posted by AHIP
on February 17, 2016
In 2012, average payments for commercial inpatient hospital stays were higher than Medicare fee-for-service payments for 96 percent of the diagnosis related groups (DRGs) analyzed.
Between 2008 and 2012, the commercial-to-Medicare payment difference had an average increase of 14 percent.
Longer hospital stays do not appear to be a factor for higher average commercial payments. During this period, 86 percent of the DRGs analyzed had commercial-to-Medicare average length-of-stay of ratios less than one.
Evidence shows that one of the key factors driving these large price differences is provider consolidation. Cost shifting may also be a contributing factor to commercial-Medicare price differentials and the degree of cost shifting can vary based on a hospital’s bargaining power.
Understanding differences in payments between private and public payers and the factors that drive these differences is critical to addressing the affordability challenges facing patients. In addition, provisions in the Affordable Care Act (ACA) that reduce Medicare payments to hospitals have created a renewed interest in understanding the payment differences between private payers and Medicare.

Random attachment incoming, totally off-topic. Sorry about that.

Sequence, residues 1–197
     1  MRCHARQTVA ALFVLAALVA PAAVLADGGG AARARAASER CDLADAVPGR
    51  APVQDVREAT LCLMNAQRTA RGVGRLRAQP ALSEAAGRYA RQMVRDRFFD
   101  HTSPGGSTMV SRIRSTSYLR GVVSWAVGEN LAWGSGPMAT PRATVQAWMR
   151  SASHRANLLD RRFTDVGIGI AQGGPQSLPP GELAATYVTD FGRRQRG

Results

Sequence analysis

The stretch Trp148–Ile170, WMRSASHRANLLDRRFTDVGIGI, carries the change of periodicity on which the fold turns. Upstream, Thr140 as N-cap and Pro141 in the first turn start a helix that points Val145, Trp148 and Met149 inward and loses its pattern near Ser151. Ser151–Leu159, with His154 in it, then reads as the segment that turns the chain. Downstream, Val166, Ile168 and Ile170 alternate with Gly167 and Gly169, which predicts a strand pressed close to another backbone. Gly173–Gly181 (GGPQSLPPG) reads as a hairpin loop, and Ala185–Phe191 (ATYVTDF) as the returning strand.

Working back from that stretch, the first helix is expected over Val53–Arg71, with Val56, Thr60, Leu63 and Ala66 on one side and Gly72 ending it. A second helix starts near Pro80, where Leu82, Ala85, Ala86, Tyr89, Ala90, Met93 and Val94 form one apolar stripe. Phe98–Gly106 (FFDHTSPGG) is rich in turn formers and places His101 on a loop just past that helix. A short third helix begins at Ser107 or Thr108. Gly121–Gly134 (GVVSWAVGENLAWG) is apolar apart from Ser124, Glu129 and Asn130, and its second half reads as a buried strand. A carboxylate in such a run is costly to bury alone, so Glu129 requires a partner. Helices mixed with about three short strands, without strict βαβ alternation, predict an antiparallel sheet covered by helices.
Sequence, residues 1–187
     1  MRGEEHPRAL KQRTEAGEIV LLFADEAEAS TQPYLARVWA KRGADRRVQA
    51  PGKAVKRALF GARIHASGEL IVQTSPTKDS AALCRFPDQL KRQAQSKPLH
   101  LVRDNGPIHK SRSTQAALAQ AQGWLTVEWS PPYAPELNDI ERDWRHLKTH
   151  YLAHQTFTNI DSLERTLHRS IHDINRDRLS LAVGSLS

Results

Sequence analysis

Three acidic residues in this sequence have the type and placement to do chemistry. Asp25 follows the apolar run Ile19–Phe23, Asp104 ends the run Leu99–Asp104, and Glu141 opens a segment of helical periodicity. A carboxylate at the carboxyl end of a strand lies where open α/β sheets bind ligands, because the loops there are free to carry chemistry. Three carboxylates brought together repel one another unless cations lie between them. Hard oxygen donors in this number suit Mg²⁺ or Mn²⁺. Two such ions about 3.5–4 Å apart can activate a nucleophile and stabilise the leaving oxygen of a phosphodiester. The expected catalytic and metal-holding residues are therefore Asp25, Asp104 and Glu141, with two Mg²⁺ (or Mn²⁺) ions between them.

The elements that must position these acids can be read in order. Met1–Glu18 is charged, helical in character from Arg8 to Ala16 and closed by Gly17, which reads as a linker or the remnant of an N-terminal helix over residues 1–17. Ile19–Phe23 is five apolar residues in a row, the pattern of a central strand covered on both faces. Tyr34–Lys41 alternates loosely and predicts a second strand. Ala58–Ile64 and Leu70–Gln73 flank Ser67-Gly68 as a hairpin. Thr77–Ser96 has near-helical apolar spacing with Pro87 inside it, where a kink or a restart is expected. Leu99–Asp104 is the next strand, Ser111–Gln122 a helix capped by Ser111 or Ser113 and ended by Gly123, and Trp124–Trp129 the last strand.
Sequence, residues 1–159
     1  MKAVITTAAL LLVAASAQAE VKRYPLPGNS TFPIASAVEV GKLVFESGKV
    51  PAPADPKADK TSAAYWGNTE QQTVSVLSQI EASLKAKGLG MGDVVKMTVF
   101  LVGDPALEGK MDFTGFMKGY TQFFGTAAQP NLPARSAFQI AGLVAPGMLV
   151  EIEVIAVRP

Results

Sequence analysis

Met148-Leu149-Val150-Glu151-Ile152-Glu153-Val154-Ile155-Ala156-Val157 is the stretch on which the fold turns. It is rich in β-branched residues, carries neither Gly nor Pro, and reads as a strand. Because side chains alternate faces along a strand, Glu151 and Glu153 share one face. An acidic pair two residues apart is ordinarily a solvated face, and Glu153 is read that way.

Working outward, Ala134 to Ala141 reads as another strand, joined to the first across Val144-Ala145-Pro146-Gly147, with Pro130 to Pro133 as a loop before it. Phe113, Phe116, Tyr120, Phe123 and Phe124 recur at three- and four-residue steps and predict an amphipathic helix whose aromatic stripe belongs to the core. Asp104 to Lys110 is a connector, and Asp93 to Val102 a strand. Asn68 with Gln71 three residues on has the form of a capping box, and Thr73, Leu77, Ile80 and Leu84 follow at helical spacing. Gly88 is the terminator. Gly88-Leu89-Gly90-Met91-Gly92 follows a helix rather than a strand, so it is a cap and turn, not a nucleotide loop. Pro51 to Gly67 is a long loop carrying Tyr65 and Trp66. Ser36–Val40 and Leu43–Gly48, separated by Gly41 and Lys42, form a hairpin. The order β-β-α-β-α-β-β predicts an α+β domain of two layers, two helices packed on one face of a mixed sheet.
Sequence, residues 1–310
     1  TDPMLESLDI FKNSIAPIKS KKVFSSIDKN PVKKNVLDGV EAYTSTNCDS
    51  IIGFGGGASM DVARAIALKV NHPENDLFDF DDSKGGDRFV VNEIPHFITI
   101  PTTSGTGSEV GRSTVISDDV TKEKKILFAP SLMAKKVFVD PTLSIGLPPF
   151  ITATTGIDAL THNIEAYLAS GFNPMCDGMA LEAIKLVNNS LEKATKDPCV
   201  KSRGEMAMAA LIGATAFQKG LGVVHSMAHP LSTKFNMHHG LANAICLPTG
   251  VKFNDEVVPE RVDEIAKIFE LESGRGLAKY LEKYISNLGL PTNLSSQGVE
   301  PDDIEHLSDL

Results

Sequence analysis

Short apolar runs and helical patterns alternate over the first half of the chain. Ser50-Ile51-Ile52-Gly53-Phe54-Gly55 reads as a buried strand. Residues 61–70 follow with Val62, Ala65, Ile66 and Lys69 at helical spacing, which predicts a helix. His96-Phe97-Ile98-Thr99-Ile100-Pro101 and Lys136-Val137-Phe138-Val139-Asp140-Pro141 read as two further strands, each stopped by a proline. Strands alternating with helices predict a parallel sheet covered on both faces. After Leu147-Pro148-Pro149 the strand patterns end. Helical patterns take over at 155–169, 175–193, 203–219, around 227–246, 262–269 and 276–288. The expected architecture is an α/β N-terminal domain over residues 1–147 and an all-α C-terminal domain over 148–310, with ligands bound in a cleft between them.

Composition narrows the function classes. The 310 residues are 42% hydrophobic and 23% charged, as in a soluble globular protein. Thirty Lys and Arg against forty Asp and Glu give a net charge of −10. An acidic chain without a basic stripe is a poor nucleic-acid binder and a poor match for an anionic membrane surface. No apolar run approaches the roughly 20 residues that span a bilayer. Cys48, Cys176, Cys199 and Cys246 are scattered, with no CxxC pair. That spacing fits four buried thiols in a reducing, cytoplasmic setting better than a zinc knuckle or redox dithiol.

Numerous studies assessing the variation between hospital payments across commercial payers and Medicare point to provider market power and cost shifting as key factors contributing to the cost differences. It is important to re-examine differences in such payments and to analyze the degree to which these differences are driven by provider consolidation and cost shifting. This data brief analyzes differences in Medicare and commercial payments for inpatient hospital stays from 2008 to 2012 as well as changes in these payment differences over time.